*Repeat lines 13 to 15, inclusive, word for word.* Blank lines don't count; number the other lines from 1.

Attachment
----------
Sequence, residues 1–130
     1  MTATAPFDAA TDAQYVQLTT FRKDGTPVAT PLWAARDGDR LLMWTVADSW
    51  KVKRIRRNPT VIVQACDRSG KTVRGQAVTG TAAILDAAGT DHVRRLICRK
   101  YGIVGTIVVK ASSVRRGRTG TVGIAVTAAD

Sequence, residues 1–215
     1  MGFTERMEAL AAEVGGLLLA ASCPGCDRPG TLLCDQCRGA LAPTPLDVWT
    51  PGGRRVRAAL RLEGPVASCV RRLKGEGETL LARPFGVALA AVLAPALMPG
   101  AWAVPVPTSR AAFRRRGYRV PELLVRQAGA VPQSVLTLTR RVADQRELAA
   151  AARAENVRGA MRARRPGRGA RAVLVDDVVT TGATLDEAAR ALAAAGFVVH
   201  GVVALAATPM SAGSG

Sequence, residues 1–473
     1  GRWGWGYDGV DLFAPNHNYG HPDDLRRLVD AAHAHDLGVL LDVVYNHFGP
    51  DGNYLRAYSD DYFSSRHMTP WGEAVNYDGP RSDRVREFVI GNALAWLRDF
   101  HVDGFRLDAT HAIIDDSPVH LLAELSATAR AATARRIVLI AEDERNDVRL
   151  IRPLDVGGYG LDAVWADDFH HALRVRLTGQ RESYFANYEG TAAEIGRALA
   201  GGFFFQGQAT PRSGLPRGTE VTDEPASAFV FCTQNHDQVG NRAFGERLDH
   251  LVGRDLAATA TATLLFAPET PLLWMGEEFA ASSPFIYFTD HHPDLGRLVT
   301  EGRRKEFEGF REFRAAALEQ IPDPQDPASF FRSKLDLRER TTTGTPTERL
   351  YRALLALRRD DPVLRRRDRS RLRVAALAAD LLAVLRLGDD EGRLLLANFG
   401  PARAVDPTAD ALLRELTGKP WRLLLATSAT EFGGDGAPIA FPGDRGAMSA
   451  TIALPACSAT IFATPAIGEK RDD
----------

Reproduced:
    51  DGNYLRAYSD DYFSSRHMTP WGEAVNYDGP RSDRVREFVI GNALAWLRDF
   101  HVDGFRLDAT HAIIDDSPVH LLAELSATAR AATARRIVLI AEDERNDVRL
   151  IRPLDVGGYG LDAVWADDFH HALRVRLTGQ RESYFANYEG TAAEIGRALA